As was my pattern in those days, I left the house around 9:00 am for the 10:30 class, and on this particular cold morning, I left a little early so I could stop at Wells High School to drop off my rent. My landlord at the time was the principal of WHS and I was figuring that I could save the 22 cents postage by dropping off the check. My landlord was a friend of a friend and it was also a nice diversion.
That particular morning an overnight “clipper” had swept through southern Maine covered the ground with a thin layer of snow making the roads a little greasy despite the fact that the sun was now brightly shining. Those conditions would play a significant role in my day.
Money was tight in 1986 and I was still driving an old Mercury LN-7 with about 90,000 miles on it. The LN-7, sold as a “sporty car” not a “sports car,” had been driven cross-country in the summer of ’82 and I had put about 9,000 miles on it on that trip alone. By 1986, she was tired, but the old lady started every morning and was still getting 40 miles to the gallon on the highway.
That car, like most of the stuff coming out of Detroit in the late 70s and early 80s was a real turkey when it came to strength and power. They built cars cheap and light to give them better fuel economy. This resulted in the car having absolutely no pick-up. On the summer trip I remember having to downshift to second gear to be able to make it over the Rockies at the embarrassing rate of 20 mph.
On that particular morning as I drove into the driveway of Wells High School the thin layer of snow on the untreated roadbed was more than the LN-7 could handle. As I attempted to make the slight left hand turn in the driveway where a score of busses has just passed and compressed the snow into a layer of slick ice, the LN-7 kept her forward momentum and failed to make the turn. Traveling a mere 5 mph or less, given the conditions, I was not worried when the front right tire kissed the curb and vaulted the car to the left. It was only after I had stopped and then attempted to proceed that I noticed that there was something seriously wrong with the steering system. I assumed that I may have just knocked the steering alignment out and parking the car, headed inside to hand over my rent check.
When I returned to continue my drive off to my college teaching job, I noticed that the “steering problem” was worse than I had suspected. I quickly realized that the car was toast and had some major issues with the steering system. Instead of heading to work, I turned back to cross the Mile Road with my wounded vehicle. It was a bit like driving a crab-car as it felt as though the car was moving sideways down the road.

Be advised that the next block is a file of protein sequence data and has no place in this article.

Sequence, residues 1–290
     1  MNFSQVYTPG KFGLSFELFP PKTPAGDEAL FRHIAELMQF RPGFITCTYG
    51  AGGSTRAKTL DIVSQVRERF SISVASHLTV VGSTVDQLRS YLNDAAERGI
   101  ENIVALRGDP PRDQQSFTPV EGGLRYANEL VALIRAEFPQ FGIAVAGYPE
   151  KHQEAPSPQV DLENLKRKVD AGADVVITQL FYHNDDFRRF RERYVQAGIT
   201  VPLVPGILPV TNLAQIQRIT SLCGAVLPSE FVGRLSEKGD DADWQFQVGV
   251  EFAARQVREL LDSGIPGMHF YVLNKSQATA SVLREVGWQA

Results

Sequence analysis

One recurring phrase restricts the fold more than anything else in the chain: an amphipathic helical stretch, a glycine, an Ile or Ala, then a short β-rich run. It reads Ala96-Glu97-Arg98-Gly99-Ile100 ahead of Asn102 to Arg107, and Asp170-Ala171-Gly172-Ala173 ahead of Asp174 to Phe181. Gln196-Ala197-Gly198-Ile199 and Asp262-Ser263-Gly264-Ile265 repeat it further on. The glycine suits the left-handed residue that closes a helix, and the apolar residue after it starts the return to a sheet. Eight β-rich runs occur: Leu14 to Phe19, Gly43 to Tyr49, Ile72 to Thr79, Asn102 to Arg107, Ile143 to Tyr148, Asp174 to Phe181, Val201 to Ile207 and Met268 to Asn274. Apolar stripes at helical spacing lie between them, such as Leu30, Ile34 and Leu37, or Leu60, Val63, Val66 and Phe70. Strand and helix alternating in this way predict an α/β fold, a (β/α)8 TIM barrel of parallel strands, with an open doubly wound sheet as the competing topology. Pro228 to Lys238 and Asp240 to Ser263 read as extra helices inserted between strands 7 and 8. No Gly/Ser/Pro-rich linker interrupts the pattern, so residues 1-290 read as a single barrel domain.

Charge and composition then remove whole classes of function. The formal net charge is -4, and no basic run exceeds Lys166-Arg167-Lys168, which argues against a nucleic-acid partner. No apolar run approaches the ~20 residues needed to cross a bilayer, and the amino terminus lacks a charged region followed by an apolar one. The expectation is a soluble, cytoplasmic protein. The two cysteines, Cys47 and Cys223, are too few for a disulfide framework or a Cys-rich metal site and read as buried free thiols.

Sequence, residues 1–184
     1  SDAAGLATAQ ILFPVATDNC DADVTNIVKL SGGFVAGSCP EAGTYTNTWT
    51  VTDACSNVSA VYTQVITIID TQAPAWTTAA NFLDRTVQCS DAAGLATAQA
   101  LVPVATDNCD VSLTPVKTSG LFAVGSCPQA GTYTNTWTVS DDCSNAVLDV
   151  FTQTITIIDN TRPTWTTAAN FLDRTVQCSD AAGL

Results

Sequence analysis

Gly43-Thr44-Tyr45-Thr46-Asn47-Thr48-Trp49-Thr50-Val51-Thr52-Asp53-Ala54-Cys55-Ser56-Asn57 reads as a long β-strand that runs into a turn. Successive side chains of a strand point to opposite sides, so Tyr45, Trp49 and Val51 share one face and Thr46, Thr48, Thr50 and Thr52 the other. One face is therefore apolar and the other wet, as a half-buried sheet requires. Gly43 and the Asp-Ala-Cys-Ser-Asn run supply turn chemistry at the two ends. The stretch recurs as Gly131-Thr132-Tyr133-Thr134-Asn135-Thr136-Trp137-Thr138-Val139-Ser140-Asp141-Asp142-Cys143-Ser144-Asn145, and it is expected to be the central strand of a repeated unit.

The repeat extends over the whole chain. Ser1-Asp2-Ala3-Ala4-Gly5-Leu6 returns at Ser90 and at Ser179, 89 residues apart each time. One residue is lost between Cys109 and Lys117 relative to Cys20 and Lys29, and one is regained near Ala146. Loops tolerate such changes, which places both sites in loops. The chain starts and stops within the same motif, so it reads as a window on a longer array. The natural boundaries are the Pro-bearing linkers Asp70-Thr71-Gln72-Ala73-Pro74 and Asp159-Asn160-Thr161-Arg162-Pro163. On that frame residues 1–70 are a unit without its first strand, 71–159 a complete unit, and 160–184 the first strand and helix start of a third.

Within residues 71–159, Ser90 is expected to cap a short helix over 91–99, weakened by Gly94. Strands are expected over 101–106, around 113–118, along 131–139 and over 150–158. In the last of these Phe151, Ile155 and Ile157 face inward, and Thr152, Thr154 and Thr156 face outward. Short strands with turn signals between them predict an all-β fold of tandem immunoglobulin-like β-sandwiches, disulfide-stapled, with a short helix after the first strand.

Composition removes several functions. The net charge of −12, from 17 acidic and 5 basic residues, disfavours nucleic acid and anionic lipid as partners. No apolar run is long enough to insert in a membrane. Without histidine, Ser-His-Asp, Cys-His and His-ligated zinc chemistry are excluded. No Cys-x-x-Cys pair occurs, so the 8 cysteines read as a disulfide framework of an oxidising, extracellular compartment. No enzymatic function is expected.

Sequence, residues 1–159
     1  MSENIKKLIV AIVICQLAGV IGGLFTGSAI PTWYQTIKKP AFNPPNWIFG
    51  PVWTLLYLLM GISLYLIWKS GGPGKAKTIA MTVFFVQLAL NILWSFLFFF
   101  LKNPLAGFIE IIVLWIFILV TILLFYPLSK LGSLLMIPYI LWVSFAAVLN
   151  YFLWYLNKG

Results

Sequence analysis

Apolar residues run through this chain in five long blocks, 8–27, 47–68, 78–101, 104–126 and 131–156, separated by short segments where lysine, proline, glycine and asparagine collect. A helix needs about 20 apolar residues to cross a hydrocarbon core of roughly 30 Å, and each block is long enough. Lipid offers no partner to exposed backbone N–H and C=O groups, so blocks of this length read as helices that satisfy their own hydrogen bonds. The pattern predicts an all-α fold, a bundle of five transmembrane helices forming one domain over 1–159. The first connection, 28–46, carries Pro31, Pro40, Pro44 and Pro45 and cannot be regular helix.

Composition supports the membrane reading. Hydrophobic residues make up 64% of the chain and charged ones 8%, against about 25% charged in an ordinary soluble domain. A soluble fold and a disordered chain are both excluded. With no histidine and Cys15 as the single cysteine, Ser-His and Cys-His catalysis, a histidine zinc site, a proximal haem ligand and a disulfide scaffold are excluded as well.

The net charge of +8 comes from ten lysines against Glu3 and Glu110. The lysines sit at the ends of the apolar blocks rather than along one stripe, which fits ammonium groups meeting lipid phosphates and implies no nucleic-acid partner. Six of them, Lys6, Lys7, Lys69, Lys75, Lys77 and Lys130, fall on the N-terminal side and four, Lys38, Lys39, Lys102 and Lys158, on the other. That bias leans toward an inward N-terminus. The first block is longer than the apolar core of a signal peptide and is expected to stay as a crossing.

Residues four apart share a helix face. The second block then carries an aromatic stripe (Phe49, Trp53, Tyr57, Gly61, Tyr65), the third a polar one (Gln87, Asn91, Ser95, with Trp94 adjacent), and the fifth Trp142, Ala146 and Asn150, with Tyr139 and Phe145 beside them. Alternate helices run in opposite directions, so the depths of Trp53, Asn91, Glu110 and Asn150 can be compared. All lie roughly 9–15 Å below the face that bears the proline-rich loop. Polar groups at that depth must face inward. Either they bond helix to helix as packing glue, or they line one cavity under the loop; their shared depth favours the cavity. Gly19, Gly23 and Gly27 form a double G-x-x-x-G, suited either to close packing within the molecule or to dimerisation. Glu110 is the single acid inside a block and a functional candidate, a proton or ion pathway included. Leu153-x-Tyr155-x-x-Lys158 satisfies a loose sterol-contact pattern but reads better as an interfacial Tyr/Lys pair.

By the time I got home I was furious at myself, pained by the potential of what it would cost and how long it would take to fix the car. The car was my only form of transportation, and on an adjunct-instructor’s meager salary, I was getting more anxious. I would later learn that the frame had been bent, requiring major body shop repairs and would cost more than a few bucks to fix. I was having a “bad day.”
After crawling under the car looking for damage, I settling back in my house, made some coffee and stoking up the wood stove. Moving into the living room, I turned on my stereo that was perpetually tuned to Maine Public Radio. What I heard next was startling.
A news bulletin had interrupted the classical music program to announce that there had been “some kind of explosion at Cape Kennedy.”
I remembered instantly that that morning there was to be the Shuttle launch.
By 1986, Shuttle lunches had become routine and were no longer covered by live television. A child of the 50’s, I remember standing on the roof of our apartment building in 1957 peering up to the early evening sky trying in vain to see The Sputnik passing overhead. By third grade, I regularly announced to adults my aspirations to become an astronaut. By the beginning of high school I had entertained the thoughts of become an aeronautical engineer. But by this time, even I had lost interest in the Space Program.
However, this Shuttle launch was different. For months we had been hearing the news about a young mother from neighboring New Hampshire who would soon be “the first teacher in space.” Around New England and the rest of the county schoolchildren and teachers were enthused with the proposition. The plan was for the teacher in space to actually deliver some lessons to the kids back home. Friends of mine who were public school teachers at the time were thrilled and at least one had applied to the teacher in space program.
I turned on the small back and white portable TV that was part of the furnishings of my rented furnished house on Wells Beach to get more news. It was about 10:45 am and the first scene I looked at, a scene which we have all seen so many times over the past 25 years, was burned into my brain for the first time.
I immediately thought of the millions of kids around the land, safe in their classrooms, watching these scary events live. While the commentators were speculating on whether the Shuttle itself had survived and the potential for some kind of escape mechanism, my heart and stomach sank. My “bad day” was nothing compared to this.
We all know the rest of the story. I remember particularly President Reagan on television that night consoling the nation with these words:
The crew of the space shuttle Challenger honored us by the manner in which they lived their lives. We will never forget them, nor the last time we saw them, this morning, as they prepared for the journey and waved goodbye and 'slipped the surly bonds of earth' to 'touch the face of God.'
The car eventually got fixed and time has moved on. In the 25 years that have passed we have lost more Space explorers and I’ve been through a fair share of automobiles. But it seems like yesterday.